To connect people to climate action and deliver real-world, sustainable benefits, the UN’s key climate conference should be reoriented to focus on local projects and innovations, a leading Kenyan communications specialist argues in a comment piece published by Forbes Sustainability.

Despite the media attention given to November’s COP26, the summit failed to secure binding commitments on emissions reductions from the most polluting nations. Additionally, wealthy nations again postponed establishing a $100 billion-per-year fund to support climate action in the developing world. Campaigners such as Greta Thunberg argued that the COP was nothing more than a “Global North greenwash festival”—simply a public relations exercise to make rich nations feel good about themselves, while doing little to solve the climate crisis.

Many have been left asking the question: how can the COP meetings be made to achieve actual change?

In the comment piece that follows, Ng’Endo Machua writes that, instead of giving center stage to abstract talks between diplomats and politicians, the COP climate summit should promote on-the-ground sustainability projects connected to people’s daily lives. This, she says, would be a more effective way to make climate action relevant and immediate to wider audiences, and pay dividends in the form of community investment and verifiable emissions reductions.

Realign COP Messaging To Focus On Local Projects And Innovations

This year, around November, the world will be gathering in Cairo, Egypt, for the 27th UN Climate Change Conference (COP27). The COP, which brings together leaders from across the globe for deliberation on issues around climate change, has for over two-and-a-half decades helped foster dialogue and debate on areas of priority for climate adaptation and mitigation.

Ng'Endo Machua stands before a backdrop of dense forest in Kenya.
Kenyan communications specialist, writer and podcaster Ng’Endo Machua. NG’ENDO MACHUA

Yet even today, the vast majority of people the world are unaware of what the COP entails, beyond the glamour that accompanies the two-week summit. This is because the communication activities around its year-long implementation are mainly focused on high-profile meetings between planning teams, governments and other leading organizations. Very limited attention is given to success stories that come about as responses to previous COP resolutions, or to the objectives of upcoming COPs.

But there is now an opportunity for change, with discussions at COP26 having emphasized the need to enhance the reporting of climate change initiatives with respect to their contributions to greenhouse gas reduction.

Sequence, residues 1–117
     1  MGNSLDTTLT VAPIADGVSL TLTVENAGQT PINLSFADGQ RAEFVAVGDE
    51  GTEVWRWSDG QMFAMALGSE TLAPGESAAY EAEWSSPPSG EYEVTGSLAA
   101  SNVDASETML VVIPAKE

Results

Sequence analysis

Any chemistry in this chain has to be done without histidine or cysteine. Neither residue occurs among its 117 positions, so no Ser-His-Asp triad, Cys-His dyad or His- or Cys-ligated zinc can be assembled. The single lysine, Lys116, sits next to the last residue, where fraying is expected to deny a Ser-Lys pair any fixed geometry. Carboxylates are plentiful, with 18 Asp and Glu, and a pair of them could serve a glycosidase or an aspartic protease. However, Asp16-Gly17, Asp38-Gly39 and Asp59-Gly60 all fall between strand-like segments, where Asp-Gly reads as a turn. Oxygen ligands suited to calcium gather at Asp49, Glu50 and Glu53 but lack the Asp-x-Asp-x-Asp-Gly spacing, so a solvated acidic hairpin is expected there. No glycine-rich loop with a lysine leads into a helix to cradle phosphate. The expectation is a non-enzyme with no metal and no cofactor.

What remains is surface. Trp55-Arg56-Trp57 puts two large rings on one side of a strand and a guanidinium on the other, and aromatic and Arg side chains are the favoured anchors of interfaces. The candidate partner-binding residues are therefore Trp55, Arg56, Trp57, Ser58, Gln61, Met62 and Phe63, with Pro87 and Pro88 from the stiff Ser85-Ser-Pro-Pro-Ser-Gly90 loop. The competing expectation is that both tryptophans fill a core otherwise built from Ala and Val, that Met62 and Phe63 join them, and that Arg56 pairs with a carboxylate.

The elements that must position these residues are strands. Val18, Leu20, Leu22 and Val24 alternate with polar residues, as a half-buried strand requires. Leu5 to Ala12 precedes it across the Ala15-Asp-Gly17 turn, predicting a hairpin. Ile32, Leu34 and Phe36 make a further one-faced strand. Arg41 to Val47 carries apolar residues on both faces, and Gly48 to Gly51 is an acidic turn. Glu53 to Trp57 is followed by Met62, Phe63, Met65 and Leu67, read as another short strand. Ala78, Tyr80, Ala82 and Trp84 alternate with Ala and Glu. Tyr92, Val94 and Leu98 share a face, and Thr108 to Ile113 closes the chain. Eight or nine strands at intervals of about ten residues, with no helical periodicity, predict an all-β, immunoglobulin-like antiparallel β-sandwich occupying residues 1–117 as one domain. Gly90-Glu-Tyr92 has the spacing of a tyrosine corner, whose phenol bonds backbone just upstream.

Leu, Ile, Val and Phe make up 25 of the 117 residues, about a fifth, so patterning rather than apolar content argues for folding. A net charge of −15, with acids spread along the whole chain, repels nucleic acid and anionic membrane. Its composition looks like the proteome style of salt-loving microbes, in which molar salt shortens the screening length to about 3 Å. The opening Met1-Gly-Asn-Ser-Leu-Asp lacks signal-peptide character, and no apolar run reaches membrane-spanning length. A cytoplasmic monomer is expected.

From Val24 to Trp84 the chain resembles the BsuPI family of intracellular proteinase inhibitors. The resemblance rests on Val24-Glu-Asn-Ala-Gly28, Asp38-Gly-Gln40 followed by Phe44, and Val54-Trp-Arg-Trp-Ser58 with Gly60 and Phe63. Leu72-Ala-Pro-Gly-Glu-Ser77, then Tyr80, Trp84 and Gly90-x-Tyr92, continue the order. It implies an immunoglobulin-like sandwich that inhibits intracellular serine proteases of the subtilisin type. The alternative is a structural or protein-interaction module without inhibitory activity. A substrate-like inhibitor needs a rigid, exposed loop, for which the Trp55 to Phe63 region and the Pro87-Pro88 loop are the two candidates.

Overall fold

Already, there are numerous brilliant projects and innovations out there that can serve as evidence of steps towards carbon neutrality. These should be celebrated within the COPs’ messaging programs, for reasons that will be outlined below.

In Kenya, for example, organizations such as AGRA (Alliance for a Green Revolution in Africa) and the IKEA Foundation have implemented several agro-ecology projects [PDF] that have led to the dramatic restoration of deforested lands. In the country’s western region, about 6,000 hectares of degraded tropical rainforest land have been reclaimed, contributing immensely to the restoration of their carbon sequestration capacity.

Similar success stories have been reported in the country’s central region, where the promotion of regenerative agriculture has resulted in the uptake of farming strategies that cause less damage to the environment. Such innovative investments, unfortunately, seldom make it to the COP showcase as scalable pilots, because the global convention has for a long time been arranged so as to disproportionately promote high-profile dialogue.

Having the COP’s messaging celebrate ongoing activities around climate change mitigation and adaptation would be a good way of creating and validating a database of programs that can be properly financed for scaling. Indeed, at COP26, wealthier countries committed to continue financing their poorer counterparts in adaptation. This is part of the yet-to-be-met goal of channeling $100 billion a year to developing nations by 2020, helping them adapt to climate change and mitigate further rises in temperature.

The pledge could, however, be more quickly achieved if the financiers had specific projects to fund—an arrangement that would also help to improve accounting processes for climate financing, a challenge that was recently highlighted by the same people who negotiated the pledge 12 years ago in Copenhagen.

Meanwhile, the onus is now on governments, the private sector, youth, observers and civil society in developing countries to step up and promote activities in their regions as a way of garnering the attention of COP decision makers.

The messaging from these interest groups should be that impactful projects, which offer the best chance to slow the pace of climate change, are already taking off locally, and with proper support could fast track the 2015 Paris agreement goal of restricting global warming to “well below” 2 degrees Celsius, if not 1.5 degrees.

Ng’Endo Machua is a communications specialist from Kenya, specializing in food systems and climate change. She can be found on Twitter @ngendo87.

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